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United States/NY state here.

I would like to form a business entity whose primary purpose will be helping the public at large with a very specific charitable cause. This will be a 501(c)(3) charitable nonprofit. However I would like to sell a variety of goods and services, so as to raise money to fund our charitable activities. Things like coffee mugs, t-shirts and other kits related to our cause that the public-at-large might be interested in buying.

Are 501(c)(3) nonprofits allowed to sell goods and services to the public (like any other for-profit would)? Provided that the proceeds/revenue from said sales is actually put to good use? Or do nonprofits need to perform financial gymnastics, such as owning, say, a C-corp or S-corp that does that sales, and passes the dividends back to the nonprofit, etc.?

If nonprofits are not allowed to sell goods and services, where is this documented and what are some legal gymnastics I could finagle to get my desired outcome?

And if they are allowed to sell goods and services, what constraints, regulations, restrictions, etc. apply?

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    Look at Homeboy Industries a 501(c) that sells chips, t-shirts, etc. homeboyindustries.org/learn-more/faq – George White Sep 25 at 18:10
  • Thanks @GeorgeWhite (+1) that gives me some confidence, but I'm sure there's restrictions here. Otherwise why would a nonprofit ever want/need to own a corporation (which I know is an oft-used strategy)? Are you aware of any revenue/tax related limits to 501c3's selling goods + services to the public? Thanks again! – hotmeatballsoup Sep 25 at 18:23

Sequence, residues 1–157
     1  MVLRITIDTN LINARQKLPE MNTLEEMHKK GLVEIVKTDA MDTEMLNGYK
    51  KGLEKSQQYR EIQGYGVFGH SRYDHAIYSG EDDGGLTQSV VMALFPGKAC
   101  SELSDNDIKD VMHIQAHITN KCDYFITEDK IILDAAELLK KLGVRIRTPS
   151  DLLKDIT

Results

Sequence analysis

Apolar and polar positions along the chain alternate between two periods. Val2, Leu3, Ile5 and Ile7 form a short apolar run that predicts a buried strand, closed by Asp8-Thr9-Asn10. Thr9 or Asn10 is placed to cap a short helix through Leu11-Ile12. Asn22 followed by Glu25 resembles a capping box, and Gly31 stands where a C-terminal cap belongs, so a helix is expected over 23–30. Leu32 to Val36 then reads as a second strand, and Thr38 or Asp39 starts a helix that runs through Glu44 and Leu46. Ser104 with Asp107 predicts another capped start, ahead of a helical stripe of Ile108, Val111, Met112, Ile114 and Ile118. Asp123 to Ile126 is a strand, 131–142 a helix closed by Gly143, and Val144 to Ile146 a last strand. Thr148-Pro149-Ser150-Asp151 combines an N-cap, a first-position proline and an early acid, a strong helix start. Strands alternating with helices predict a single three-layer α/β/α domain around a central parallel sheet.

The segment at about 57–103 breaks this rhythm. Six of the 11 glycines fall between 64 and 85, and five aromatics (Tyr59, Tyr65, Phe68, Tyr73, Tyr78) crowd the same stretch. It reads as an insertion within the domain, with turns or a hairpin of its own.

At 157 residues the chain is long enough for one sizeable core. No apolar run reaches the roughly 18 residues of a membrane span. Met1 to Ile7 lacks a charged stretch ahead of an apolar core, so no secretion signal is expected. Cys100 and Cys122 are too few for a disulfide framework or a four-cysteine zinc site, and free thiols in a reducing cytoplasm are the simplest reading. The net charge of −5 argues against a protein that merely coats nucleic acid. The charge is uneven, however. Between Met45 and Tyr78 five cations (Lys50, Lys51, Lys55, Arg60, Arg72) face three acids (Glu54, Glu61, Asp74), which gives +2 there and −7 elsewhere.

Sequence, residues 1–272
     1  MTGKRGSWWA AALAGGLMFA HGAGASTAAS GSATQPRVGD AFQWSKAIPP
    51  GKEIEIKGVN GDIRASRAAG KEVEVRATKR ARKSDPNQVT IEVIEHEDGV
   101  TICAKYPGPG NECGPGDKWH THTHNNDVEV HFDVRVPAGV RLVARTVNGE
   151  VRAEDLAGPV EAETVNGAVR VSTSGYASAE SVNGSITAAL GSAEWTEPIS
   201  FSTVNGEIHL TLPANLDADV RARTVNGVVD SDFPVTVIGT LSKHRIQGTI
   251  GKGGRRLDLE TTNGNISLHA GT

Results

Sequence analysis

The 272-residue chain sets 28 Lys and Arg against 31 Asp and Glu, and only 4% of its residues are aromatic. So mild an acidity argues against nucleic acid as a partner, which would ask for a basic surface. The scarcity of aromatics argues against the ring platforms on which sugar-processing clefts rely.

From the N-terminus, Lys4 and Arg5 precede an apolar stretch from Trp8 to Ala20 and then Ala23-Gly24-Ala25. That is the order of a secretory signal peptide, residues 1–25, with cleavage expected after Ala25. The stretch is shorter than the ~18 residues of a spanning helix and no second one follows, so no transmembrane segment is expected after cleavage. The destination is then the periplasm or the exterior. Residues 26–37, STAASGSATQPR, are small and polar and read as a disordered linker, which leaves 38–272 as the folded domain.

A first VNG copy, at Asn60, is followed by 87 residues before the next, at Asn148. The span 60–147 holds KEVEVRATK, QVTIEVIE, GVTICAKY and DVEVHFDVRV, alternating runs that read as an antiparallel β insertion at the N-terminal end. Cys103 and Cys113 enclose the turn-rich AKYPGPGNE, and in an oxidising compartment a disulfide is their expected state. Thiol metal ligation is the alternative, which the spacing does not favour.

• Im really shocked no one on Law.SE knows the answer to this. I figured it was a pretty simple question! – hotmeatballsoup Oct 3 at 12:52
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+150

Are 501(c)(3) nonprofits allowed to sell goods and services to the public (like any other for-profit would)?

Yes. The sale of goods and services as you describe it does not sound in violation of 26 USC § 503.

However, the 501(c)(3) tax-exempt entity would need to pay tax on income earned from those sales. Per U.S. v. American College of Physicians, 475 U.S. 834 (1986), using that income to advance the purposes for which the entity was created does not necessarily qualify the activity or sales as "substantially related" to entity's said purposes. An exemption thereto "depends in each case upon the facts and circumstances involved", Id. at 843 (citing Treasury regulations, emphasis added in the court opinion).

Based on the information you provide, it seems unlikely that the sale of products as generic as coffee mugs or t-shirts would qualify as substantially related to the performance of charitable purposes of your organization.

do nonprofits need to perform financial gymnastics, such as owning, say, a C-corp or S-corp that does that sales, and passes the dividends back to the nonprofit, etc.?

No. In fact, doing it for purposes of being exempted from income tax on those sales would be tantamount to "to carry[ing] on full-fledged commercial enterprises in competition with corporations whose profits were fully taxable", Id. at 838, which is what prompted "Congress to restrain the unfair competition fostered by [former] tax laws" (brackets added).

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